Saturday, 24 January 2009
Dusting off the knitting machine
I used to be a machine knitter. I was really into it for about 4 years, from 2000-2003. By that time, the hobby was on its last legs in the UK, and I was able to pick up all sorts of machines and kit quite cheaply. Then we moved, and I had to put it all into storage for almost a year. By the time it was all out again I'd forgotten a lot of the more complicated stuff. I gave away several machines and sold another couple, and now I have three left, which I rarely use.
But I dusted my Brother 881 off this week, and knit this little baby jumper for a work colleague who has had a little girl. It's from an old Machine Knitting News, the 1989 No 2 Baby Collection, and is all done on the machine, in 4-ply acrylic. It felt good to be machining again, except for the frustrating parts where I made stupid mistakes because I haven't used the machine for so long. It is a drop shoulder, which is why the arms look a bit stubby. I'm not entirely convinced that machine knitting is that much faster than handknitting really, especially when you make mistakes. It takes a while to punch the card, get all the yarns set up on the machine, do all the colour changing, set up the ribber for the ribbing bands etc. I suppose the difference is that once you have all that set up, you could knit several jumpers one after the other quite easily, if you wanted to for some reason. And it would definitely be faster if you were just knitting plain in one colour, because you can knit a whole row in just seconds. Now that I am a hand knitter too, I am becoming a bit of a yarn snob who looks down on all my cones of acrylic machine knitting yarn, but I need to use them up.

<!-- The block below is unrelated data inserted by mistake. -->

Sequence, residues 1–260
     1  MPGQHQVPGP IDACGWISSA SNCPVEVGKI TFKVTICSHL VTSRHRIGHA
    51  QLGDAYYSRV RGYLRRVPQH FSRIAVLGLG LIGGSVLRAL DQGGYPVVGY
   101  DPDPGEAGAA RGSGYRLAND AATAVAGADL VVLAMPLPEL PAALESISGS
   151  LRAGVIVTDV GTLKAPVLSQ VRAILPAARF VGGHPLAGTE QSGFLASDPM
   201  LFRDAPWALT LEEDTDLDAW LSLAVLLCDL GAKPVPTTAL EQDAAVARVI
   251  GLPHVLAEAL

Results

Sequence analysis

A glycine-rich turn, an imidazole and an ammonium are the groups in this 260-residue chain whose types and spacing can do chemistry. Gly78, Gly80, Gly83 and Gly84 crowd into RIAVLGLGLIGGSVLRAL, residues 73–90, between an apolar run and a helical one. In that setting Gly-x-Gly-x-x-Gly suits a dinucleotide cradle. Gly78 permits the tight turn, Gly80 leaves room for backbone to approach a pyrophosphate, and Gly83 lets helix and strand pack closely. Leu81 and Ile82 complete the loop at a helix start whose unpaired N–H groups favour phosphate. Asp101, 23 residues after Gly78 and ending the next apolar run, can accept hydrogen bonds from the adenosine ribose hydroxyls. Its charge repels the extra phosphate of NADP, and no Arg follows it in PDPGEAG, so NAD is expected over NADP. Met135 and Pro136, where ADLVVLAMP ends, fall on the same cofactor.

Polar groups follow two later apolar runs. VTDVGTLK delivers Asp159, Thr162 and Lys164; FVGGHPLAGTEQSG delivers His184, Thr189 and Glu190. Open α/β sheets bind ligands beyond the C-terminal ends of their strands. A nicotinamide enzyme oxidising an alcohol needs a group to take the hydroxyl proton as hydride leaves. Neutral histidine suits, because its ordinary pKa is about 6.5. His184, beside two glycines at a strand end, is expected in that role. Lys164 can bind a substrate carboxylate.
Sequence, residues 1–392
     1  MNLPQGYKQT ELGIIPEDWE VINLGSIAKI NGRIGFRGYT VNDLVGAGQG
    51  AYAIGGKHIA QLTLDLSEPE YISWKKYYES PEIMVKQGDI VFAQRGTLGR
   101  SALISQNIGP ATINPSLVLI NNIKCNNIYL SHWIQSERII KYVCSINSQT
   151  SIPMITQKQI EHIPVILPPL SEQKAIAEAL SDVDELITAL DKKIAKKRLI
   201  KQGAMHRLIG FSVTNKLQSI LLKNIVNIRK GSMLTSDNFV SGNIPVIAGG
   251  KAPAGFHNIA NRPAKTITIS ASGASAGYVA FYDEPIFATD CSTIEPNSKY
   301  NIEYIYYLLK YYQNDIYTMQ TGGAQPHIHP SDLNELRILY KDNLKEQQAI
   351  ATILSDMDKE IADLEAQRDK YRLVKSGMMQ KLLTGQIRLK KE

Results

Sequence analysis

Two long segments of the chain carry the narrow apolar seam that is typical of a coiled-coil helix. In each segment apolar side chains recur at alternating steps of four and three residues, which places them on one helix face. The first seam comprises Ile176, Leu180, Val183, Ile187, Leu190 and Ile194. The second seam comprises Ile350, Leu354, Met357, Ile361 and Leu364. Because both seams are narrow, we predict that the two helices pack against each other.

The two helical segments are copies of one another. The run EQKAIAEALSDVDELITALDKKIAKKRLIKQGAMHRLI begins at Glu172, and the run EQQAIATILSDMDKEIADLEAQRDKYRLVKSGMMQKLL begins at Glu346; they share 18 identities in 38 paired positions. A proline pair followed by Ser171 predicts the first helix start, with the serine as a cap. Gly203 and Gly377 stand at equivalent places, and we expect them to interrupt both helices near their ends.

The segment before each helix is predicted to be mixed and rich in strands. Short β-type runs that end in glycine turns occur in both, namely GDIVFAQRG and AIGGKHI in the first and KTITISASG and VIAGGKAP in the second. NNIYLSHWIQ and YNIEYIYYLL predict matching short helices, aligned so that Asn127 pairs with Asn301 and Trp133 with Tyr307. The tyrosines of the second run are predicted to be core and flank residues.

I was contemplating putting my last quilt top onto the frame, when I remembered the two landscape pictures I made in a workshop at Sisters last year in the 'Accidental Landscapes' class. So I've put one of those on the frame instead and am quilting it. It's a bit of work because lots of starts and stops, so each time I have to bring up the bobbin thread and fasten the two threads off to avoid getting a bird's nest on the back when I start, but it is going well. Lots of thread colour changes as each fabric is quilted in matching thread. That's how the tutor does it, rather than using invisible thread, it gives more texture and 'painting' to the picture. The mountain tops have a bit of angelina fibre to make them glisten.
The dungarees I am knitting for my teddy bear are just about finished, I will snap a pic for next week. Thursday night at the I-knit shop knitting group, I cast on for 'Hey Teach' in my pink Rowan Summer Tweed. I am once again knitting the fronts and back in the round as it is plain stockinet up to the armholes. Good tv knitting. Dh's tie is coming along, more than halfway in length now, but it is so boring to knit on that I can only do it for short periods.
I don't think I said that Swooze got her socks, they fit great and she is really pleased with them.
I bought the new UK knitting magazine, 'The Knitter', last week. It is aimed at the more experienced knitter, and I think is intended to be a UK answer to Vogue Knitting or Interweave Knits. I was curious so bought the first issue but on the whole I wasn't that impressed. First of all it cost £5.99, which was a bit of a shock. Second, I was wondering why the man's jacket looked familiar then I saw that it was reprinted from an old Rowan book (42) that I already have, and it turns out that no fewer than six of the patterns in the magazine are actually reprints from other published books or pattern leaflets, not original designs. Of the couple of original patterns, one by Di Gilpin looks rather unblocked and homemade. So on the whole, not worth £5.99 and definitely not a competitor for Vogue Knitting. Perhaps it will get better, but I am not tempted to subscribe at this point.
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